Transmission line in operation /Crossing
Nampuk river
Contamination(Clean area)
Shoreline
Contamination(A area)
Shoreline/Crossing Namhae river
Contamination(A area)

Distance
from coast
5km~10km
5km~10km
Within
10km
Within 5km
Within 5km

Transmission line in operation

Above 5km

Crossing Dukji river and Salyeoul river

Above 5km

Railroad via northern East Sea


Via Mt. Geumgang
Crossing the ceasefire line
Via military zone
Crossing the ceasefire line
Via military zone

Above 5km
Within 5km
Central
inland

Figure 1 shows longitudinal sections of suggested routes. Altitudes of 1st route are less than 1,000m.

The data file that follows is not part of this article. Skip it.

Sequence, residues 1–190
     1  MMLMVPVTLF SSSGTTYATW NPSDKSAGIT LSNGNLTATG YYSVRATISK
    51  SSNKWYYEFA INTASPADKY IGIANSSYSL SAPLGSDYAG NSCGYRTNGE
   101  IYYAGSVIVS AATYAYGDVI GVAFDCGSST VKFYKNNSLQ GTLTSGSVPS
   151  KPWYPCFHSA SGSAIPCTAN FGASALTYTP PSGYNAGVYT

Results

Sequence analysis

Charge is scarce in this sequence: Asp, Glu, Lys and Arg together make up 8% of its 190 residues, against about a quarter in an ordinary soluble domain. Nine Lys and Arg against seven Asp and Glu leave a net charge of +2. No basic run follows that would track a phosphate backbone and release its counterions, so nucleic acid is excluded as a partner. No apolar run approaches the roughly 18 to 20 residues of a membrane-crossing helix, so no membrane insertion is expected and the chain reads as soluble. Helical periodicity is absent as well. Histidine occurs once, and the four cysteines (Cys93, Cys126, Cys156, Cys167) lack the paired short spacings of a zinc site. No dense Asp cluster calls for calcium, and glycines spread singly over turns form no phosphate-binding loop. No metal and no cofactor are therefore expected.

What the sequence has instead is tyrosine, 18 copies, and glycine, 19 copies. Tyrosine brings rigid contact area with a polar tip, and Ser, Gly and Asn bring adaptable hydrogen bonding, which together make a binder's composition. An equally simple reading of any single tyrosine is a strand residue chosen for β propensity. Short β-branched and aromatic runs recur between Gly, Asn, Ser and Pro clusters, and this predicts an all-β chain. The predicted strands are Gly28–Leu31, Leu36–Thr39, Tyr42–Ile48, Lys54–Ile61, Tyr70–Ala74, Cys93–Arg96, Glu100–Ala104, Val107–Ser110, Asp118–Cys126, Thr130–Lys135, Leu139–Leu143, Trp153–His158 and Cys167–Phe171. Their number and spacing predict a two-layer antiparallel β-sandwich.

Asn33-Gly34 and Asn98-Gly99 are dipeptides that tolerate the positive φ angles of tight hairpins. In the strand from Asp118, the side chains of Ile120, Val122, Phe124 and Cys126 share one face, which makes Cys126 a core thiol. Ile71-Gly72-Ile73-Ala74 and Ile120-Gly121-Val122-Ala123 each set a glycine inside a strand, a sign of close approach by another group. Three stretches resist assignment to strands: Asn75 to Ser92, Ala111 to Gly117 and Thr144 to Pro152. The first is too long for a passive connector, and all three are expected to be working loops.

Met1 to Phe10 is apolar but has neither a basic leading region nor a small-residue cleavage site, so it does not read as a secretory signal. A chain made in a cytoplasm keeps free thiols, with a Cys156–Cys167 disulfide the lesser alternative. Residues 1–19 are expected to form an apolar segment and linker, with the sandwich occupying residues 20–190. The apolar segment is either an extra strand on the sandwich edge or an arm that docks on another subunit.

In 2nd route, Aobiryeong area is located above 1,000m. 3rd route passes mountain chain higher than
1,000m started from Mt. Baekdu. Almost areas from Russia to Hamheung are lower than 700m and a
route passing the coast to inland is rugged. Considering insulation coordination of transmission tower,
1st route located below 1,000m is suitable.

(a) 1st route

(b) 2nd route

(c) 3rd route


Figure 1. Longitudinal sections of suggested routes

Figure 2. Selected Route

4. Insulation Coordination
For the design of 500kV HVDC transmission tower, insulation coordination was conducted with
follow two rules.
a. Flashover is not generated by internal abnormal voltage of power system such as switching
voltage.
b. Reliability has to be kept from external abnormal voltage such as lightning.
Withstand voltage characteristics and number of calculated insulators in contamination area are